Ortiz et al v. Alvarez et al

Filing 166

Finds and Recommendations that Defendants' 161 Motion to Enforce Settlement Agreement and Request for Monetary Sanctions as to Raul Villameuva be GRANTED in part and DENIED in part, signed by Magistrate Judge Erica P. Grosjean on 4/2/2018. Motion referred to Judge Drozd. Objections to F&R due by 4/17/2018. (Rosales, O)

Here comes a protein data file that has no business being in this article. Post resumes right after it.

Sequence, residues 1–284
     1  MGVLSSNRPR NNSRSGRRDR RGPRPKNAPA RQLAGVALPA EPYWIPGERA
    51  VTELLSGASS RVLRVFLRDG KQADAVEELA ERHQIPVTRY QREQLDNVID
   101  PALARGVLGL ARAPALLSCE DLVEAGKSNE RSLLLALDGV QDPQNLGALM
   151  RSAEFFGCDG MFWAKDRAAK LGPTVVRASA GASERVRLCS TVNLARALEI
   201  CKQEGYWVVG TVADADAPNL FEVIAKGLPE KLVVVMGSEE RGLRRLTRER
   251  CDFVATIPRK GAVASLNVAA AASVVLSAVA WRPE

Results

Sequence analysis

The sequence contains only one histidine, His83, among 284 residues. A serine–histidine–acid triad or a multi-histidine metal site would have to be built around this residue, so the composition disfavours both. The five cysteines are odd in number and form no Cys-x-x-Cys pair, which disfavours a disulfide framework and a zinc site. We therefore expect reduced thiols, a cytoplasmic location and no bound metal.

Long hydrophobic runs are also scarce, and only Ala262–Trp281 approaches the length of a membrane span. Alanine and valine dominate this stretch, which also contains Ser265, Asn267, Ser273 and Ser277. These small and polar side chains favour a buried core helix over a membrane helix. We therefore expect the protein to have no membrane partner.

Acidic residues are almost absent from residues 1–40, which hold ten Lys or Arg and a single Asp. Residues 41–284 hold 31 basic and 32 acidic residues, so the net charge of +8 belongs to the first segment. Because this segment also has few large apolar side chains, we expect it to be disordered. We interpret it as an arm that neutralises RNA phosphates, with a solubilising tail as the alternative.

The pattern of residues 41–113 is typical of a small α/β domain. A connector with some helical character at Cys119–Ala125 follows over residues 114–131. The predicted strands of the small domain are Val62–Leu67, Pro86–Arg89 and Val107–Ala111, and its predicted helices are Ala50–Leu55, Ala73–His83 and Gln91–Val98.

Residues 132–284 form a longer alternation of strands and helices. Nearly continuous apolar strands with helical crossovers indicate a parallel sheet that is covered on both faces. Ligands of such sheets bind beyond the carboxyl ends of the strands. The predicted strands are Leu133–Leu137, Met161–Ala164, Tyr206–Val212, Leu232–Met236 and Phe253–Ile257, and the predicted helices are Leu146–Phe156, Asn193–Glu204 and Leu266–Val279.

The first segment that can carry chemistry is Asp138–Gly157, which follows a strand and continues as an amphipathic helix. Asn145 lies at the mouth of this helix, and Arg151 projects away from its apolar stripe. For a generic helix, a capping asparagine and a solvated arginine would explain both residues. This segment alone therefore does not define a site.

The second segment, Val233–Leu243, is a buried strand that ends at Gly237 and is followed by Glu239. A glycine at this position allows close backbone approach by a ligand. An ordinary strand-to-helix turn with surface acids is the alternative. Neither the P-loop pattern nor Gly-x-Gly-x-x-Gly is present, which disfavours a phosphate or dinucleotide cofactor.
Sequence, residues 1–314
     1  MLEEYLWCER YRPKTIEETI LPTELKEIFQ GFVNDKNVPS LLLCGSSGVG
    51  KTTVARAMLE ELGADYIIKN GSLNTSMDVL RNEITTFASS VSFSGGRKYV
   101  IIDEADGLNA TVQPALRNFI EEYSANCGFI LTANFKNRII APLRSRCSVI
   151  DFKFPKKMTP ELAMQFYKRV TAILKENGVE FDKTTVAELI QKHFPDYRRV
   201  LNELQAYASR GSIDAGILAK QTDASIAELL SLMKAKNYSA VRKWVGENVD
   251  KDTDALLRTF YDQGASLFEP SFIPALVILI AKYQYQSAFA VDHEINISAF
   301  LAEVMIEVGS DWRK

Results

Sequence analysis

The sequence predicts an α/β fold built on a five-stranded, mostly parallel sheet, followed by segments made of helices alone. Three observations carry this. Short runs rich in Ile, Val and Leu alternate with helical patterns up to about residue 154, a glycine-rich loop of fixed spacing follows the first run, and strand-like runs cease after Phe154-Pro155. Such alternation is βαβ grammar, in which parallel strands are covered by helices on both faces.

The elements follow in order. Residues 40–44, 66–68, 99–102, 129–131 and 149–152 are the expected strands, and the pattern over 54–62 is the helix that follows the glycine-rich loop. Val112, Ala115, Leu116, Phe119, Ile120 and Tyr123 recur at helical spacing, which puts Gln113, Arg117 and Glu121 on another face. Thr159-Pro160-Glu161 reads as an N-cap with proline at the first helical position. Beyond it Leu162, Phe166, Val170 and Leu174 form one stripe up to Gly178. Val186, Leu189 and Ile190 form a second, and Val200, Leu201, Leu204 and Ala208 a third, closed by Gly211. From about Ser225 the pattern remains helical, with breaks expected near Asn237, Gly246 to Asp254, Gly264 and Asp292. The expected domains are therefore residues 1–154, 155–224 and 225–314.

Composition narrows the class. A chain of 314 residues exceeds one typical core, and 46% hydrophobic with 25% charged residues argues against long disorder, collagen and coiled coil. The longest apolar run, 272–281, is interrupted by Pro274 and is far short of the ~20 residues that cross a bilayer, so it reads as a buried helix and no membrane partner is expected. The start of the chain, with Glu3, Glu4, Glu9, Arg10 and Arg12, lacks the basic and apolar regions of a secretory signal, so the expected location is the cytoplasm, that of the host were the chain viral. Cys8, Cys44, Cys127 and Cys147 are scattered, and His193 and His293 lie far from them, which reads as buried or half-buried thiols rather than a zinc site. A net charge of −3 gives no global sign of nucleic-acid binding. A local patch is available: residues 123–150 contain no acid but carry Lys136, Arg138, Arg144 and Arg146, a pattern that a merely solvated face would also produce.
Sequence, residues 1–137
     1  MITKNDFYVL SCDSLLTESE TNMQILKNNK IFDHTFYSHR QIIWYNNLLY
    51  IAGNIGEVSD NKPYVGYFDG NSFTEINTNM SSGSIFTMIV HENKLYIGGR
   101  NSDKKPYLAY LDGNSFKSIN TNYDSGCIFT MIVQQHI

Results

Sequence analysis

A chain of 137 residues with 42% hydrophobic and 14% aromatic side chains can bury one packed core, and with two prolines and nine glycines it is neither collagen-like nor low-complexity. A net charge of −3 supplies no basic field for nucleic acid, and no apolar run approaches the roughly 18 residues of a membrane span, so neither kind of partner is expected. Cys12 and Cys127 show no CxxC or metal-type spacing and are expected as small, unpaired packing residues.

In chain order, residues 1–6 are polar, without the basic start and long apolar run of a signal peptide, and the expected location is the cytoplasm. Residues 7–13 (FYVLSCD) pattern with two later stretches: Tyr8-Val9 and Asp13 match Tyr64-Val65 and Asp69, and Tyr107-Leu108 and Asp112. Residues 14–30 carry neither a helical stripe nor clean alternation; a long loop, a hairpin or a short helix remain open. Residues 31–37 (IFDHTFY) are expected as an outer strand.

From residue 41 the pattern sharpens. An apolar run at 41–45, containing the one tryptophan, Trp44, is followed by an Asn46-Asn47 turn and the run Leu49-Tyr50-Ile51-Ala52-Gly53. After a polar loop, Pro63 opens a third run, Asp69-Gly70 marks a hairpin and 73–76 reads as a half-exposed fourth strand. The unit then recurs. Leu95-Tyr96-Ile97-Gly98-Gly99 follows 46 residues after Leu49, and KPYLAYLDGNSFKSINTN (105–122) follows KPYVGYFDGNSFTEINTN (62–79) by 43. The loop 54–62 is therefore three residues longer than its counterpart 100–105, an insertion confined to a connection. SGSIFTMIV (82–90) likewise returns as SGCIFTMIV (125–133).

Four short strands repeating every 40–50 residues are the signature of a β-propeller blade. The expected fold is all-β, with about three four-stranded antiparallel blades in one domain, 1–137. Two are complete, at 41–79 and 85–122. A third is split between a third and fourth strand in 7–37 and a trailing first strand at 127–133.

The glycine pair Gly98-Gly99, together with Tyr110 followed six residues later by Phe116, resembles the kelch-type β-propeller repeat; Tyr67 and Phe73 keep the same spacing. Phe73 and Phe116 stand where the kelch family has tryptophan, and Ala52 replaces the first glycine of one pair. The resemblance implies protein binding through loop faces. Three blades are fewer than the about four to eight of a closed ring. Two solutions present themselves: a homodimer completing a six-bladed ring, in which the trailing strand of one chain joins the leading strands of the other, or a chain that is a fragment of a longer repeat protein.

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1 2 3 4 5 6 7 8 UNITED STATES DISTRICT COURT 9 EASTERN DISTRICT OF CALIFORNIA 10 11 SANDRA ORTIZ, et al., 12 13 14 15 Case No. 1:15-cv-00535-DAD-EPG Plaintiffs, FINDINGS AND RECOMMENDATIONS THAT DEFENDANTS’ MOTION TO ENFORCE SETTLEMENT AGREEMENT AND REQUEST FOR MONETARY SANCTIONS AS TO RAUL VILLANEUVA BE GRANTED IN PART AND DENIED IN PART v. GERARDO ALVAREZ, et al., Defendants. 16 (ECF No. 161) 17 OBJECTIONS, IF ANY, DUE WITHIN FOURTEEN (14) DAYS 18 19 Defendants Parlier Unified School District and Gerardo Alvarez (collectively, the 20 “District Defendants”) have moved to enforce a settlement agreement with Raul Villanueva 21 (“Mr. Villanueva”) and for monetary sanctions against said party in the amount of $4,891.50. 22 (ECF No. 161). The settlement was negotiated in off-the-record discussions with a magistrate 23 judge, and the parties assented to the terms of the agreement on the record in open court. Mr. 24 Villanueva opposes the motion, arguing that he rescinded his acceptance of the settlement 25 agreement because he felt coerced by the settlement conference magistrate judge to accept the 26 offer and because he was not in his right state of mind when he agreed to the settlement terms. 27 (ECF No. 163). Mr. Villanueva also argues that he should not be sanctioned for his refusal to 28 execute the written settlement agreement because he has not demonstrated reprehensible 1 1 conduct warranting the imposition of sanctions and because the sanction sought by the District 2 Defendants is tantamount to an award of attorney fees. 3 After reviewing the relevant law and facts, the Court recommends that the District Judge 4 grant in part and deny in part the District Defendants’ motion by enforcing the settlement 5 agreement but not awarding sanctions. 6 I. 7 Raul Villanueva was employed by Parlier Unified School District (“PUSD”) as the head 8 custodian of Chavez Elementary. Mr. Villanueva is one of a number of former employees of 9 PUSD in this lawsuit who are alleging, among other things, retaliation and harassment for 10 political affiliation and the exercise of protected speech in violation of the First and Fourteenth 11 Amendments. Specifically, Mr. Villanueva’s allegations in the Fourth Amended Complaint are 12 as follows: 13 14 15 16 17 18 19 20 21 22 23 24 25 26 BACKGROUND Mr. Raul Villanueva announced his candidacy for Parlier Unified School Board in 2014. Mr. Villanueva made it publically known that he was endorsed by Mr. Juan Sandoval. On or about November of 2014, Gerardo Alvarez requested to meet with Mr. Villanueva. Mr. Villanueva requested to be accompanied by Mr. Sandoval. Mr. Alvarez refused to meet with Mr. Villanueva with Mr. Sandoval present. On the day of the Parlier Unified School Board Election, Mr. Alvarez reassigned Raul Villanueva to a remote school site location (Exhibit G- Parlier Unified School District Notice of Involuntary Transfer). Mr. Villanueva has been on medical leave for stress and anxiety since November of 2014. Mr. Alvarez has distributed flyers and political propaganda depicting Mr. Raul Villanueva as supporter of criminal activity (See Exhibit D – Flyer defaming the Plaintiffs). The flyer distributed by Mr. Alvarez during Parlier Board Meetings accused Mr. Raul Villanueva of supporting criminal activity alleged against Juan Sandoval, Gudelia Sandoval and Mary Villanueva. Mr. Villanueva is accused of promoting their political elections with school district equipment for mass production. Furthermore, the flyer alleges that “Villanueva friends and family members take home hundreds of thousands of dollars,” and misappropriate school funds. (ECF No. 67 at 9). 27 On July 26, 2017, Magistrate Judge Stanley A. Boone conducted a settlement 28 conference in this action. (ECF No. 118). Counsel for the Plaintiffs, Jeff Reich and Alexia 2 1 Kirkland, and counsels for the Defendants, Mart Benjamin Oller, IV and Justin Campagne, were 2 present. Id. Mr. Villanueva was represented by his counsel, Alexia Kirkland (“Ms. Kirkland”). 3 During the conference, Mr. Villanueva agreed to settle his claims against the District 4 Defendants for $40,000.00. The terms of the settlement were placed on the record, (ECF No. 5 118), and on July 28, 2017, Judge Boone issued an order directing Mr. Villanueva to file 6 dispositional documents within forty-five days, (ECF Nos. 119, 131). 7 The settlement was put on the record as follows: 8 9 10 11 12 13 14 15 16 17 18 19 20 21 22 23 24 25 26 27 28 THE COURT: All right. If I could have appearances, beginning with the plaintiff and your client, since we're dividing this up. MS. KIRKLAND: Good afternoon, Your Honor. Alexia Kirkland appearing on behalf of Raul Villanueva, present at counsel table. THE COURT: All right. MR. OLLER: Good afternoon, Your Honor. Mart Oller appearing on behalf of the defendants, Parlier Unified School District, Parlier Unified School District Board of Trustees, and defendant, Gerardo Alvarez, who is present here at counsel table. THE COURT: All right. Mr. Oller, why don't I have you set forth the terms. Ms. Kirkland, I will have you listen carefully. Mr. Villanueva, I'll ask you if that is also, in fact, the terms of the agreement. So, Mr. Oller. MR. OLLER: Thank you, Your Honor. In exchange for payment by Parlier Unified School District on behalf of the defendants that I just listed in the amount of $40,000 made payable to Mr. Villanueva and his attorney, Ms. Kirkland, Mr. Villanueva will sign a release of all claims as to all known and unknown claims and will waive the provisions of Civil Code, California Civil Code § 1542. The release will indicate that there's no admission of liability on the part of the defendants who are involved in the release. Each side will bear their own costs and fees, including any attorney fees. And this is subject to approval by the Parlier Unified School District Board and we believe that all of this can be accomplished within the next 30 days as far as the approval and then, of course, it will take some time to then have the settlement release signed and then the exchange of the money. So overall, it might take as much as days to get the check in hand, but as far as the Board approval we think that can be accomplished, at least presented to the Board for approval within 30 days. THE COURT: All right. Ms. Kirkland, is that your understanding of the terms in the agreement? MS. KIRKLAND: Yes, Your Honor. That's an accurate representation of the terms of the agreement – 3 1 THE COURT: All right. And – 2 MS. KIRKLAND: -- between the parties. 3 4 THE COURT: All right Sorry, Ms. Kirkland. Sorry to interrupt. And, Mr. Villanueva, is that, in fact, what you understand the agreement to be? 5 MR. VILLANUEVA: Yes. 6 THE COURT: All right. All right. So the Court notes that this case as to this plaintiff only has settled. The Court will vacate any and all dates related to this plaintiff only and will order that dispositional documents be filed as to this plaintiff only, let's say within 45 days of today's date. And that should be it as to this plaintiff only. So, Mr. Villanueva, you are free to leave at this point. Mr. Villanueva, thank you. 7 8 9 10 11 MR. VILLANUEVA: All right. (ECF No. 131). Most of the other Plaintiffs declined to settle. (ECF Nos. 118, 125). 12 On August 2, 2017, a hearing was held before Judge Boone regarding the settlement 13 reached between Mr. Villanueva and the District Defendants. (ECF No. 122). Ms. Kirkland 14 appeared telephonically on behalf of Mr. Villanueva. Id. Mart Benjamin Oller, IV appeared on 15 behalf of the District Defendants. Id. After the hearing, Judge Boone issued an order directing 16 Mr. Villanueva and the Defendants to file dispositional documents in accordance with the July 17 28, 2017 order. (ECF No. 123). The August 2, 2017 order provided: 18 This case has settled as to Plaintiff Villanueva on the record and in open court and the Court will proceed consistent with the Court’s July 28, 2017 order (ECF No. 119), unless and until a noticed motion seeking relief from the settlement is filed. The parties will proceed towards the settlement terms including Defendants Alvarez, Parlier Unified School District, and Parlier Unified School District Board of Trustees seeking Board approval, and if approved, tendering payment upon execution of the agreement. If the parties wish to seek further court intervention, the parties are reminded that any non-breaching party may be entitled to attorney fees and costs related to any breach of the settlement if the Court finds a breach of the settlement. 19 20 21 22 23 24 25 Id. at 123. 26 On January 10, 2018, the District Defendants filed a motion to enforce the settlement 27 reached with Mr. Villanueva and for monetary sanctions in the amount of $4,891.50 for the fees 28 incurred in moving to enforce the settlement agreement. (ECF No. 161). The District 4 1 Defendants contend that Mr. Villanueva has refused to execute a release of his claims and has 2 refused to file the dispositional documents in contravention of the settlement agreement. 3 On January 24, 2018, Mr. Villanueva, through his counsel filed an opposition to the 4 motion. (ECF No. 163). Mr. Villanueva contends that he has rescinded his acceptance of the 5 offer by the District Defendants because he was affronted by his discussions with Judge Boone, 6 and believes that the discussions unfairly weighed in his acceptance of the settlement offer. Id. 7 at 2, 3. He concedes that the Court has inherent authority to enforce the settlement agreement. 8 Mr. Villanueva argues that his “position is not based on a dispute regarding inaccurate or 9 inconsistent terms.” Id. at 4. His position is also “not based on fraud committed by the adverse 10 DISTRICT DEFENDANTS, nor is it based on a mistake of the terms of the agreement.” Id. “A 11 ‘fundamental defect in the agreement itself’ is not a factor in the present case.” Id. “If the Court 12 declines exercise of its authority in enforcing the judgment, then it will need to do so based on 13 the facts of Plaintiff VILLANUEVA due to the absence of legal authority to advance the 14 position.” Id. 15 Mr. Villanueva also contends that the District Defendants’ request for sanctions should 16 be denied because he has not demonstrated bad faith conduct. Id. at 4-5. Mr. Villanueva further 17 contends that the request for sanctions is in fact a request for attorney fees, and there is no 18 provision in the settlement agreement that allows for recovery of attorney fees for its 19 enforcement. Id. at 6. 20 21 22 23 24 25 26 27 28 In his declaration in opposition to the motion, Mr. Villanueva states, in relevant part: I attended the Mandatory Settlement Conference on July 26, 2017, which was ordered by the court. In the previous settlement discussions Defendants had offered an amount to each plaintiff exceeding the $40,000.00 offer at the Mandatory Settlement Conference. Judge Boone indicated that the claimed injury for Post-Traumatic Stress Disorder would not be considered because it could not be proven at trial. Judge Boone stated that $40,000.00 was a reasonable offer, I was floored and felt belittled. It was emphasized that the Superintendent of a school has a right to relocate employees. 5 I agreed to settle the claim for $40,000.00. 1 Judge Boone requested that the parties go into the courtroom to record the settlement. I felt my blood pressure go up, I wanted to get out of the courtroom. Afterwards I had to lay down on a bench to recuperate. 2 3 4 I have been receiving treatment in the Mental Health Department by my psychologist at the Veteran Hospital regarding this specific incident. 5 6 (ECF No. 163 at 9). 7 8 On February 7, 2018, a hearing was held before this Court on the motion to enforce and for sanctions.1 (ECF No. 165). Mr. Villanueva read the following prepared statement: 9 I agreed verbally to settle because I was under a high state of anxiety and confusion. I was coerced, I was under duress, and the judge was very biased in his attack against me. My attorney did not defend me, speak up on my behalf, nor advise me—at all. When we—my wife and I went into the conference room, right away the judge told my wife that she couldn’t be with me. But then he changed his mind and said, she could stay but she could not talk. Before we started the judge says, I’m going to the other party. I said, don’t you want to hear what I have to say. He said, go ahead. While I was reading my letter or story, I mentioned I served two years in the army. He kind of laughed and says, why are you wearing a Marine Corps emblem on your shirt. And I said, because I served in the Marine Corps three years. And I mentioned—and my anxiety was going up. I mentioned—I was moved because of political retaliations from my position. He said, the superintendent had every right to move you. I also said the superintendent distributed flyers saying that I was associating with criminals, and he answered, you can’t prove it. I also told him the superintendent had triggered me into depression and I was stressed out. I went to the hospital, veteran’s hospital and I was diagnosed with having PTSD, Post-Traumatic Stress Disorder. The judge then told me, you can’t prove it because you don’t have an expert —you don’t have an expert witness. The judge also said that the district had done me a favor by moving me closer to my house nearer school and easier to clean. But in that case, your honor, I drive so why would it be closer, to seven miles closer, they weren’t doing me a favor. All through the conference, my attorney never defended me, interjected on my behalf, nor advised me. All she said, this is how this judge is. By this time I was having a hard time concentrating. I was under duress, did not understand what was going on. And, Judge Boone was just saying, you’re not even worth $20,000.00. Your case is not worth nothing. You guys are just a group wanting to take kid’s money. By that time, I was feeling terrible, my stomach was hurting, my heart was pounding. Then he said, I’m going to talk to the settlement people. He came back and said $40,000.00, that’s all 10 11 12 13 14 15 16 17 18 19 20 21 22 23 24 25 26 27 28 1 The February 7, 2018 hearing was audio recorded. (ECF No. 165). A copy or transcript of the recording is available upon the request of the parties. 6 they’re going to offer. By then I was already very confused. You know—I felt I had to accept it so—He brought me into his courtroom. And while he was talking to me I didn’t have hearing aids, I couldn’t understand what he was saying and he told me do you understand, and I said, yes. I don’t—I couldn’t hear. And then, my attorney told me do you understand, and I said, yeah. I just wanted to get out of the courtroom. This is why I’m saying, your honor, that it shouldn’t be enforced—and later on Mr. Padron sent me—the Canon laws. And I read them and there it says a judge is supposed to be respectful, courteous. A judge may encourage and seek to—facilitate settlement but should not act in a manner that coerces any party into surrendering the right to have the—controversy resolved by the courts. Your honor, this is why I feel that it should not be enforced. I was not in my right state of mind when I agreed. When I went home it finally sank into me that I had done something I didn’t want to do because I was just all confused. So, although I am an adult I cannot—grasp—I suffered a concussion in Vietnam, I lost my hearing, so I am not able to really grasp until I sit down and analyze the situation. And this is what has happened to me. 1 2 3 4 5 6 7 8 9 10 11 Id. 12 13 14 The Court then asked Ms. Kirkland, “During the course of the settlement conference did you give your own independent advice regarding the merit of the claims to Mr. Villanueva.” Ms. Kirkland responded, “Correct, yes I did—including weighing on the legal information that 15 was provided by Judge Boone: what evidence could be presented at trial, what evidence could 16 not be presented at trial, what type of foundation you needed in order to present that evidence, 17 and weighing in on Judge Boone’s recommendation.” Id. 18 Now before the Court is the District Defendants’ motion to enforce the settlement and 19 for monetary sanctions. (ECF No. 161). 20 II. DISCUSSION 21 A. Enforcement of Settlement Agreement 22 The parties agree that Doi v. Halekulani Corp., 276 F.3d 1131(9th Cir. 2002), is the 23 controlling case for this dispute. In Doi, an employee filed a discrimination lawsuit against her 24 employer. Id. at 1134. The parties entered into settlement negotiations, and the district court 25 facilitated discussions that ultimately bore a settlement agreement. Id. The settlement agreement 26 required the employee to release all claims against the employer and to execute a stipulation 27 dismissing the action with prejudice. Id. In open court, the parties announced that they had 28 reached a settlement and placed the terms of the settlement on the record. Id. The attorney for 7 1 the employer recited the terms of the settlement, and the attorney for the employee assented to 2 the terms. Id. The court then asked the employee, “The terms, as stated right now, do you agree 3 to those? . . . You do agree?” Id. The employee responded, “Yeah.” Id. 4 Within two days of reaching the agreement and placing it on the record, the employee 5 refused to execute the release and the stipulation to dismiss, and proposed new settlement terms 6 inconsistent with those placed on the record. Id. at 1135. With leave of the Court, the employer 7 moved to enforce the settlement agreement and for sanctions in the form of attorney fees. Id. 8 The district court granted the motion, awarded a sanction of $1,000, and entered judgment 9 dismissing the case with prejudice. Id. at 1136. 10 The employee appealed, arguing, among other things, that she did not enter into any 11 binding settlement agreement because she did not actually intend to be bound until there was a 12 writing. Id. at 1136-37. The Ninth Circuit affirmed the district court’s decision. Id. at 1141. The 13 Court reasoned: 14 15 16 17 18 19 20 In this case, however, the settlement was negotiated in off-therecord discussions with the court. The parties then went into open court and announced that there was a settlement. The settlement contained agreement as to all material terms, which terms were put on the record. And in response to direct questioning by the court, Doi stated that she agreed with the terms. Unlike in Ciaramella, then, there was no need for the court to engage in factual inquiries to determine whether Doi agreed to be bound by the terms of the agreement. Any question as to Doi's intent to be bound was answered when she appeared in open court, listened to the terms of the agreement placed on the record, and when pressed as to whether she agreed with the terms, said “yeah.” Id. at 1137–38 (comparing the facts in Doi to those in Ciaramella v. Reader's Digest Ass'n, Inc., 21 131 F.3d 320 (2d Cir.1997)). 22 The case at bar is indistinguishable from Doi. Here, like in Doi, the parties entered into 23 settlement negotiations, and the district court facilitated discussions that ultimately bore a 24 settlement agreement. The settlement agreement required Mr. Villanueva to execute a release of 25 all claims against the District Defendants. In open court, Mr. Villanueva and the District 26 Defendants announced that they had reached a settlement and placed the terms of the settlement 27 on the record. Counsel for the District Defendants recited the terms of the settlement, and Ms. 28 Kirkland assented to the terms. Judge Boone then asked Mr. Villanueva, “And, Mr. Villanueva, 8 1 is that, in fact, what you understand the agreement to be?” Mr. Villanueva responded, “Yes.” 2 Thus, any question as to Mr. Villanueva’s intent to be bound was answered when he appeared in 3 open court, listened to the terms of the agreement placed on the record, and when pressed as to 4 whether he agreed with the terms, said “yes.” 5 Mr. Villanueva does not expressly challenge the settlement amount or argue that 6 $40,000.00 is an unfair compensation as settlement, taking into account the risk and costs 7 involved in further litigation. Instead, Mr. Villanueva presents two arguments in opposition to 8 the motion to enforce the settlement agreement: (1) he was not in his right state of mind when 9 he agreed because he was confused and could not hear, and (2) he felt coerced to accept the 10 settlement by Judge Boone. 11 The Court finds no support in the record for Mr. Villanueva’s first argument. Mr. 12 Villanueva recounted the conversations that took place during and after settlement discussions 13 with great detail. Mr. Villanueva manifested no opposition to the agreement during the off-the- 14 record discussions. He admits, “I agreed to settle the claim for $40,000.00.” Mr. Villanueva 15 manifested no opposition to the agreement when asked on the record whether he understood and 16 assented to its term. He answered Judge Boone’s questions on the record clearly, without 17 equivocation. He admits, “[Judge Boone] told me, do you understand, and I said, yes.” 18 Furthermore, during the settlement conference, Mr. Villanueva was accompanied by his 19 attorney, who did not report any issues with Mr. Villanueva’s perceptions at the time of the 20 conference or since. Mr. Villanueva admits that Ms. Kirkland asked him if he understood the 21 terms of the settlement, and he responded, “yeah.” Ms. Kirkland stated that she participated in 22 the settlement with her client, explaining and weighing Judge Boone’s comments and 23 recommendations. Ms. Kirkland also agreed to the terms of the agreement as stated on the 24 record. Mr. Villanueva was also accompanied by his wife. The record does not reflect that his 25 wife manifested any opposition to the agreement or indicated to anyone that Mr. Villanueva was 26 confused or could not hear. In short, Mr. Villanueva’s conduct was consistent with knowing and 27 voluntary acceptance of the terms of the settlement, and gave every appearance that he intended 28 to be bound by the agreement. There is no evidence, such as a doctor’s note, of a physical or 9 1 mental impairment. Merely being anxious during such an important decision does not constitute 2 a mental infirmity. Thus, Mr. Villanueva entered into a binding settlement agreement. 3 Mr. Villanueva’s argument that he felt coerced by Judge Boone to accept the settlement 4 does not change the outcome. Under California law, a party can rescind a contract if his consent 5 “was given by mistake, or obtained through duress, menace, fraud, or undue influence, 6 exercised by or with the connivance of the party as to whom he rescinds, or of any other party to 7 the contract jointly interested with such party.” Cal. Civ. Code § 1689. However, Judge Boone 8 acted not as an interested party, but as a neutral mediator. See also Davenport v. Korik, No. 9 214CV00325TLNDBPC, 2016 WL 6039027, at *6 (E.D. Cal. Oct. 14, 2016) (“Even if Plaintiff 10 was unduly influenced by the Court's negotiation between the parties, the [settlement judge] is 11 neither a party to the settlement nor jointly interested with any party to the settlement. The 12 Court participated in the settlement conference as a neutral mediator between the parties in this 13 action. The parties agreed to participate in settlement discussions and after approximately an 14 hour and one half of negotiations reached an agreement. Plaintiff cannot rescind the agreement 15 based upon the participation of a neutral mediator to the proceedings.”). Furthermore, as 16 described by Mr. Villanueva, Judge Boone’s conduct during settlement discussions does not 17 amount to coercion. See COERCE, Black's Law Dictionary (10th ed. 2014) (“To compel by 18 force or threat”); DURESS, Black's Law Dictionary (10th ed. 2014) (“Broadly, a threat of harm 19 made to compel a person to do something against his or her will or judgment; esp., a wrongful 20 threat made by one person to compel a manifestation of seeming assent by another person to a 21 transaction without real volition.”). Mr. Villanueva does not contend that Judge Boone 22 threatened him in any way. Rather, he contends that Judge Boone expressed his opinions in a 23 forceful manner. Such conduct does not amount to duress under the law. Thus, Mr. Villanueva 24 has failed to show coercion to invalidate the agreement. 25 As stated by the court in Doi, “At a time where the resources of the federal judiciary . . . 26 are strained to the breaking point, we cannot countenance a plaintiff's agreeing to settle a case in 27 open court, then subsequently disavowing the settlement when it suits [him]. The courts spend 28 enough time on the merits of litigation; we need not (and therefore ought not) open the flood 10 1 gates to this kind of needless satellite litigation.” 276 F.3d 1131, 1141 (9th Cir. 2002). 2 Accordingly, the Court recommends that the District Defendants’ motion to enforce the 3 settlement be granted. 4 B. Attorney Fees Sanctions 5 A court has the inherent power to sanction a party or its lawyers if it acts in “willful 6 disobedience of a court order . . . or when the losing party has acted in bad faith, vexatiously, 7 wantonly, or for oppressive reasons,” as well as for “willful[ ] abuse [of the] judicial processes.” 8 Gomez v. Vernon, 255 F.3d 1118, 1133–34 (9th Cir. 2001) (citing Roadway Express, Inc. v. 9 Piper, 447 U.S. 752, 766(1980) (internal citations and quotations omitted)). “Sanctions [] are 10 justified ‘when a party acts for an improper purpose—even if the act consists of making a 11 truthful statement or a non-frivolous argument or objection.” 12 Gomez, 239 F.3d 989 (9th Cir.2001)). The determination whether to sanction a party is in the 13 district court’s discretion. Doi, 276 F.3d at 1140. Id. at 1134 (citing Fink v. 14 The District Defendants request that the Court sanction Mr. Villanueva in the amount of 15 $4,891.50, which comprises the fees associated with moving to enforce the settlement 16 agreement. They argue a sanction is warranted because Mr. Villanueva has refused to abide by 17 the settlement terms that were stated on the record and his refusal to do so is frivolous and in 18 bad faith. 19 Relying on Bonded Apparel, Inc. v. R2D Apparel, Inc., Mr. Villanueva argues that his 20 conduct did not “constitute the type of ‘bad faith, vexatious [ ], wanton[ ], or ... oppressive’ 21 conduct 22 215CV04406ODWJEM, 2016 WL 6871282, at *1 (C.D. Cal. July 18, 2016) (citing Gomez, 255 23 F.3d at 1134). He asserts that the District Defendants were not harmed by his attempt to rescind 24 the settlement agreement because the action is proceeding to trial with the remaining parties. that gives rise to sanctions under the Court’s inherent power.” No. 25 The Court recommends denying the District Defendants’ request for sanctions under the 26 circumstances in this action. While the facts in this case mirror those in Doi, the Court cannot 27 conclude that Mr. Villanueva’s actions were done in bad faith or for an improper purpose. Mr. 28 Villanueva’s attempt to rescind the settlement agreement appears to be based on a sincere belief 11 1 that the settlement judge had unduly influenced his decision to settle. He alerted the District 2 Defendants to his change of mind promptly. He is not well versed in the law and appears to 3 have believed he could change his mind under these circumstances. He attended court and 4 appeared genuinely troubled by the circumstances. Thus, the Court does not believe Mr. 5 Villanueva has acted in bad faith. Accordingly, the Court recommends denial of District 6 Defendants’ motion for sanctions. 7 III. 8 Based on the foregoing, IT IS HEREBY RECOMMENDED that: 9 1. The District Defendants’ motion to enforce the settlement agreement be GRANTED; 10 2. Raul Villanueva be COMPELLED to execute a release in accordance with his oral 11 agreement in open court within five days of the order adopting these findings and 12 recommendations; CONCLUSION AND RECOMMENDATION 13 3. The District Defendants’ motion for sanctions be DENIED; and 14 4. 15 Raul Villanueva’s claims against the District Defendants be dismissed with prejudice. 16 These findings and recommendations are submitted to the district judge assigned to this 17 action, pursuant to 28 U.S.C. § 636(b)(1)(B) and this Court's Local Rule 304. Within fourteen 18 (14) days of service, any party may file written objections to these findings and 19 recommendations with the Court and serve a copy on all parties. Such a document should be 20 captioned “Objections to Magistrate Judge’s Findings and Recommendations.” The district 21 judge will review the magistrate judge’s findings and recommendations pursuant to 28 U.S.C. § 22 636(b)(1)(C). The parties are advised that failure to file objections within the specified time 23 may result in the waiver of rights on appeal. Wilkerson v. Wheeler, 772 F.3d 834, 839 (9th Cir. 24 2014) (citing Baxter v. Sullivan, 923 F.2d 1391, 1394 (9th Cir. 1991)). IT IS SO ORDERED. 25 26 Dated: April 2, 2018 /s/ UNITED STATES MAGISTRATE JUDGE 27 28 12